So Dowd did something exceedingly rare in Hollywood: She started her own campaign.

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4:07pm

Sat January 12, 2013
Analysis

Week In News: The Debt Ceiling Whack-A-Mole

Originally published on Sat January 12, 2013 6:37 pm

Transcript

JACKI LYDEN, HOST:

It's WEEKENDS on ALL THINGS CONSIDERED from NPR News. I'm Jacki Lyden.

(SOUNDBITE OF NEWS REPORTS)

UNIDENTIFIED MAN #1: The Federal Reserve should knit a trillion dollar platinum coin.

UNIDENTIFIED MAN #2: And the government could use that to pay the debt, avoid default and pre-empt the debt ceiling crisis.

UNIDENTIFIED MAN #3: This is the kind of stuff that happens right before the downgrade. The last days of Rome, this is what happened.

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5:08pm

Fri January 11, 2013
Energy

Coal Loses Crown As King Of Power Generation

Originally published on Fri January 11, 2013 5:31 pm

Georgia Power's coal-fired steam-turbine electric generating Plant Bowen in Euharlee, Ga., seen in 2009. The utility is planning on shuttering 15 coal- and oil-fired generating units at its facilities.
Karen Bleier AFP/Getty Images

Just a few years ago, Georgia Power generated nearly three-fourths of its electricity with coal. Last year, for the first time, natural gas edged out coal, and just this week the company announced plans to close 10 coal-fired power generators within the next few years.

"We do recognize this is a historic event for our company. We've never announced this many closings at one time," says Mark Williams, a company spokesperson.

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4:34pm

Fri January 11, 2013
U.S.

Cigarette Makers Frustrated As Product Approvals Stall

Originally published on Fri January 11, 2013 6:28 pm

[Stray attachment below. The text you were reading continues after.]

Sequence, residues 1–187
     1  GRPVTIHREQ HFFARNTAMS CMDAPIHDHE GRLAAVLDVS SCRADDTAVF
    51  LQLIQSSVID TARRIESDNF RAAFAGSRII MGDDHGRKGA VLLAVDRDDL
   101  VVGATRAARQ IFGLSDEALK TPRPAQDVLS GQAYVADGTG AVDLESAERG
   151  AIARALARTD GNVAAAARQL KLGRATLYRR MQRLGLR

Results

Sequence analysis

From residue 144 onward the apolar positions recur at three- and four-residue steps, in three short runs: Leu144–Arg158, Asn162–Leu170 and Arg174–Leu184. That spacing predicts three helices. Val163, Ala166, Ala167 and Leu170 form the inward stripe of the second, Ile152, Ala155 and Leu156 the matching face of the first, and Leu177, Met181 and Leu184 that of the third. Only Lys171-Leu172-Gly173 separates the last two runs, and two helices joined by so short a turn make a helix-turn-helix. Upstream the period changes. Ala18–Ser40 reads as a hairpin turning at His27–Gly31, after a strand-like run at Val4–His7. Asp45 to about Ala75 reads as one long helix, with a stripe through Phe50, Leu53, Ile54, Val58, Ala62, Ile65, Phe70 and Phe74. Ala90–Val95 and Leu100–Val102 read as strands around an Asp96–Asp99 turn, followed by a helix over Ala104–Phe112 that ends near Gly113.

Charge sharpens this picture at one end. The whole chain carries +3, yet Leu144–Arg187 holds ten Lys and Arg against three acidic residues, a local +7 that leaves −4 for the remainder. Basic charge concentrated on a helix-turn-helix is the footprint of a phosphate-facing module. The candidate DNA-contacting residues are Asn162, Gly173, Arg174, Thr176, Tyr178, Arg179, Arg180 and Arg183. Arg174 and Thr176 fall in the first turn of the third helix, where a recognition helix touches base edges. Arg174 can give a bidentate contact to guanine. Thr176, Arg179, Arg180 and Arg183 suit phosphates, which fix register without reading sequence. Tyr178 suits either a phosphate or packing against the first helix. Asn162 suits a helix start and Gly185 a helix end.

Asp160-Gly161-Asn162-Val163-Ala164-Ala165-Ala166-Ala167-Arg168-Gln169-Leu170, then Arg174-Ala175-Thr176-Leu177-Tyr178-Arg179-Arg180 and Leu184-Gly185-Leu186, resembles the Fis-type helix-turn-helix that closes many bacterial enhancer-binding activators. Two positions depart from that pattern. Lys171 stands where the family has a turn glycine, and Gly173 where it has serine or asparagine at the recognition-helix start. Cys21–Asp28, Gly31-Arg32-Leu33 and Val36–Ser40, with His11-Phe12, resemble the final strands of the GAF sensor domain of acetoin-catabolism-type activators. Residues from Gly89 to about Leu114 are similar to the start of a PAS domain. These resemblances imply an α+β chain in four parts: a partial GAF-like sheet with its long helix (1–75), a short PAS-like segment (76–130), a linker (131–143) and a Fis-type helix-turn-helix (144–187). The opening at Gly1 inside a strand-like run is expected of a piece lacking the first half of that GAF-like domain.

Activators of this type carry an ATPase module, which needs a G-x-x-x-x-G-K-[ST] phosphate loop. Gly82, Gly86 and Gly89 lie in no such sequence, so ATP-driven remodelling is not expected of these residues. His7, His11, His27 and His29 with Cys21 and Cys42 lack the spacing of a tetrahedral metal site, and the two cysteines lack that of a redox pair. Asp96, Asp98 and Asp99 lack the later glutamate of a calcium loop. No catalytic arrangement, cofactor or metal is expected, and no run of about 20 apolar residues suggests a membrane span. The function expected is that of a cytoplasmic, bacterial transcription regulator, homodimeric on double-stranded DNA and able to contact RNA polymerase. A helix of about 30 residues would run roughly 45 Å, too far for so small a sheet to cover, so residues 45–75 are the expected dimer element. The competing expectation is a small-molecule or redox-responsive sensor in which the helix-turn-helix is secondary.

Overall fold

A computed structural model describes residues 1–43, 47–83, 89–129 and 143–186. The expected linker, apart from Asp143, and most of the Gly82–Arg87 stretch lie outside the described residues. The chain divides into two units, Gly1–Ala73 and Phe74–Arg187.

A clerk prices cigarettes at Discount Smoke Shop in Ballwin, Mo. The Food and Drug Administration, which must approve all new tobacco products or any changes to existing brands, has not cleared any products since assuming that responsibility in 2009.
Jeff Roberson AP

It's been only a few years since Congress granted the federal government the power to approve how tobacco products are made and sold in the U.S.

The Food and Drug Administration's new Center for Tobacco Products, established under a 2009 law that gives the agency jurisdiction over tobacco, must review all new cigarettes or smokeless tobacco, as well as any changes to existing brands.

But the agency has yet to clear any products under the new system, and some cigarette makers are frustrated by the backlog of applications.

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3:54pm

Fri January 11, 2013
Books

No Going Back: A Hard Look At Bipolar Disorder

Originally published on Fri January 11, 2013 5:11 pm

istockphoto.com

For years, I've taken issue with depictions of mentally ill characters in books and movies. Irrational behavior is easily explained away: They're crazy! No need to elaborate further.

So when I picked up Too Bright to Hear Too Loud to See, I was apprehensive that the main character, an untreated bipolar Hollywood studio executive who leaves his wife and child for an international adventure, might be a kooky manic cliche.

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3:45pm

Fri January 11, 2013
Movie Interviews

In 'Barbara,' A New Look At Life Behind The Wall

Originally published on Mon January 14, 2013 4:21 pm

Barbara shows a quiet, restrained normalcy in the former East Germany.
Adopt Films

The historical drama is a staple of the film awards season, and the tortured history of modern Germany — with its echoes of the brutal Third Reich and war — has played a central role in many an award-winning film. But the new film Barbara, which was Germany's official entry to this year's Oscars, is a nuanced portrait of the more recent history of a newly reunited East and West.